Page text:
Russell Koharchick, 10/1/2012

Current Occupation: City Firefighter
Former Occupation: City Firefighter
Contact Information: I am an English writing major in my final term as an undergraduate at Boise State University, and hope to start graduate school next fall. In addition to school, I am a professional firefighter and constantly find ideas for essays in my work experiences. Creative nonfiction is the genre I hope to specialize in, and my goal is to write essays that form a strong connection with the reader.

No, I Don’t Get Paid Enough For That

Most people assume calling 911 is only for emergencies; while I admire their integrity, there are many others with a less discerning dial finger. In five years as a professional firefighter I’ve been called to a parrot “stuck” in a tree he flew into, rescued ducklings from a storm drain three separate times, responded to a “parachutist drowning in a river” that was a kite boarder, and moved a couch at a retirement home. And while calls as ridiculous as these are few and far between, there’s one specific type just as non-emergent, and far more common.

Whether a sprinkler pipe bursts in a warehouse, a kid pulls the alarm handle in a store, or a residential fire alarm is activated by burnt pop-tarts, it’s safe to count on at least one false alarm per shift. You show up prepared for the world to be on fire, half expecting to see a blushing mother and her toddler at an alarm pull station, walk around looking serious, and try not to knock anything over with your air-pack or look winded carrying 100 pounds of gear. In the end you reset the alarm that started blaring before you got there and give everyone an understanding smile as you leave. These are some of the most benign calls we respond to, so of course, it had to be a false alarm that became the self-effacing career moment I can never decide to laugh at, or blush over.

The setting was perfect to the point of cliché: middle of October, thick cloud cover, dim moon; I feel like there may have been a black cat walking past the station. I was curled up (literally, because it’s not possible to sprawl out on a twin bed) in Station 84 after a long day of nonsense when the tones sounded around 2:30 am. I clicked on along with the lights, stumbled into the bays and slipped into my gear. We were soon out the door and heading to an alarm in a residence, reported by a neighbor, and from the moment the officer hit the on scene button, the house before us terrified me.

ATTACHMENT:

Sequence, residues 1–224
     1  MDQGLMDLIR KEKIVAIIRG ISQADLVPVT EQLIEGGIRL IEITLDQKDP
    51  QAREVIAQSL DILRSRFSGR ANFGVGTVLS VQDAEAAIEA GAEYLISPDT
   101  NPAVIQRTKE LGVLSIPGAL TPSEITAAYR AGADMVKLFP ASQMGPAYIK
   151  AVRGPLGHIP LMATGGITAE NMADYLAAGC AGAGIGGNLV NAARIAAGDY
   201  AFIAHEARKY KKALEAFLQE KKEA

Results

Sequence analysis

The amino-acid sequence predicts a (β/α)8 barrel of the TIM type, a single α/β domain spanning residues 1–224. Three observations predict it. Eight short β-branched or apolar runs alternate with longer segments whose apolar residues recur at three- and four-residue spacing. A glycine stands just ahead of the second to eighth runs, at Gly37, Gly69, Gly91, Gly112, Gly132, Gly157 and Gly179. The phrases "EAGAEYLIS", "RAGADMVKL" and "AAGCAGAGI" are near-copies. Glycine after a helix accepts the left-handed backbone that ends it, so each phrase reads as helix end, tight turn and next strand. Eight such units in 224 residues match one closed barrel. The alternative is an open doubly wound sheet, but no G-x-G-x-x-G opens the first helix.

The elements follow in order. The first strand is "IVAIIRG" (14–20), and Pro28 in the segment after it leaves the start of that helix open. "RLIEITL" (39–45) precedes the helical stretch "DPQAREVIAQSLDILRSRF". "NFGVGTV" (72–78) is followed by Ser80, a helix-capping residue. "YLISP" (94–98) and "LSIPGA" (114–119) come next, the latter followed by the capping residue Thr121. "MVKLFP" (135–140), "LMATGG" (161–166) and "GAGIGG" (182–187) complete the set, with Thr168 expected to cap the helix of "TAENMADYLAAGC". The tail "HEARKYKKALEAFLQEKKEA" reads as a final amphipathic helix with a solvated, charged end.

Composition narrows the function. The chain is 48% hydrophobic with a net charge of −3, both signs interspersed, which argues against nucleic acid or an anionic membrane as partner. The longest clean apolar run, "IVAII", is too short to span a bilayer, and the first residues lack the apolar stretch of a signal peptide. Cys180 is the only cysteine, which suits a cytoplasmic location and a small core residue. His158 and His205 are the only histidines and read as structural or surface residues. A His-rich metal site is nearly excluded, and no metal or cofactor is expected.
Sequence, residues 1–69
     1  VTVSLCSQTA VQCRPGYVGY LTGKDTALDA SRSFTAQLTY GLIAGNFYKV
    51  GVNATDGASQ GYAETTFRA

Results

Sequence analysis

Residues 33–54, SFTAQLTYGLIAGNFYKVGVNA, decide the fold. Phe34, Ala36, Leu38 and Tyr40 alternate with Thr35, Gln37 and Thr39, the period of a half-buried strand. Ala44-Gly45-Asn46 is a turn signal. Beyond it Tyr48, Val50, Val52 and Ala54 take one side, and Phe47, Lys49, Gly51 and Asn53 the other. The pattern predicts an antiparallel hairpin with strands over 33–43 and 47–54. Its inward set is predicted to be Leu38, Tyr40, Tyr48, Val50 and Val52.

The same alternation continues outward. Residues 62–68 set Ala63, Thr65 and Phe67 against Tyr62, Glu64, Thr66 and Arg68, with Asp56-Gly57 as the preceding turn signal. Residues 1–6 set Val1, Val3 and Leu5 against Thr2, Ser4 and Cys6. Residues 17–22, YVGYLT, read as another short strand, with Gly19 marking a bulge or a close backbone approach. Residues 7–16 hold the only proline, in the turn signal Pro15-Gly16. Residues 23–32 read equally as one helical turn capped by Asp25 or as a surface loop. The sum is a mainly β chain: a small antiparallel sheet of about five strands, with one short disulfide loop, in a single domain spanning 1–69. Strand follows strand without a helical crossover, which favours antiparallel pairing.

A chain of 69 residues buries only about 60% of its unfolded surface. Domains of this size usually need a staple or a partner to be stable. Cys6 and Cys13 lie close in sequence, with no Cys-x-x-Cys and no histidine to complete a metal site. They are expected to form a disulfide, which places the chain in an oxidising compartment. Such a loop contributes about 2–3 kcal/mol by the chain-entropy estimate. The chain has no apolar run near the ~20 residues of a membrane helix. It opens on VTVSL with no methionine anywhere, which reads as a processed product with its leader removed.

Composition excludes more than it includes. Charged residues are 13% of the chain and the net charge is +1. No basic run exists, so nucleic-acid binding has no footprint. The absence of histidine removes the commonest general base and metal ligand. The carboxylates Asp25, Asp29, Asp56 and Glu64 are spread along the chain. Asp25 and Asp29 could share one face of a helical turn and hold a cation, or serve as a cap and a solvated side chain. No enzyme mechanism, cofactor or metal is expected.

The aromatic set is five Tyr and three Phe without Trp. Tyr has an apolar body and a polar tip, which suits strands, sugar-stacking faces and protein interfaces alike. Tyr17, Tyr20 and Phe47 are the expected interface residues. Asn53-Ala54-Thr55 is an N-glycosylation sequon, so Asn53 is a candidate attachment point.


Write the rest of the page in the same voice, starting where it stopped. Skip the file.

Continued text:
This was the house where Saw was filmed, where Charles Manson lived, and where the Masons performed their annual blood sacrifice. I can’t support any of that, but those were the vibes; something was very wrong with this structure. For one thing, it was literally the creepy old house on the block. This house stood decades before the introduction of subdivisions, and years before modern builders attempted to integrate it into their cookie-cutter community. Their attempt didn’t work so well, and the whitewashed plantation style structure puffed its clapboard chest out in defiance against the new construction. The lawn was untrimmed, of course, and the few trees in the yard waved their arms in warning. I don’t want to say the apple tree by the front gate was laden with poison apples, but at the same time; I think the apple tree out front grew poison apples.

The house was abandoned, classic, and not in the “someone packed up and moved on to the next stage of life” sort of way. This house was abandoned in the “oh shit, let’s get outta here, forget the dresser” kind of way. Still in the engine, I could see rotting furniture on the porch, tipped over and broken, and debris in the backyard. I could also hear the smoke detectors sounding, and not the normal polite yet stern kind of alarm, these alarms had a piercing quality that made my nasal cavity hurt. Right now you’re thinking, “I didn’t know smoke detectors made different noises.” Well, neither did I.

Because I was getting paid to do a job, I tried to go about business as usual. I gathered my tools and met the officer at his door with feigned composure. The good news was the lack of obvious fire meant Hell was still being suppressed by the floorboards. The bad news was, because the alarm was sounding, someone would have to go inside to investigate.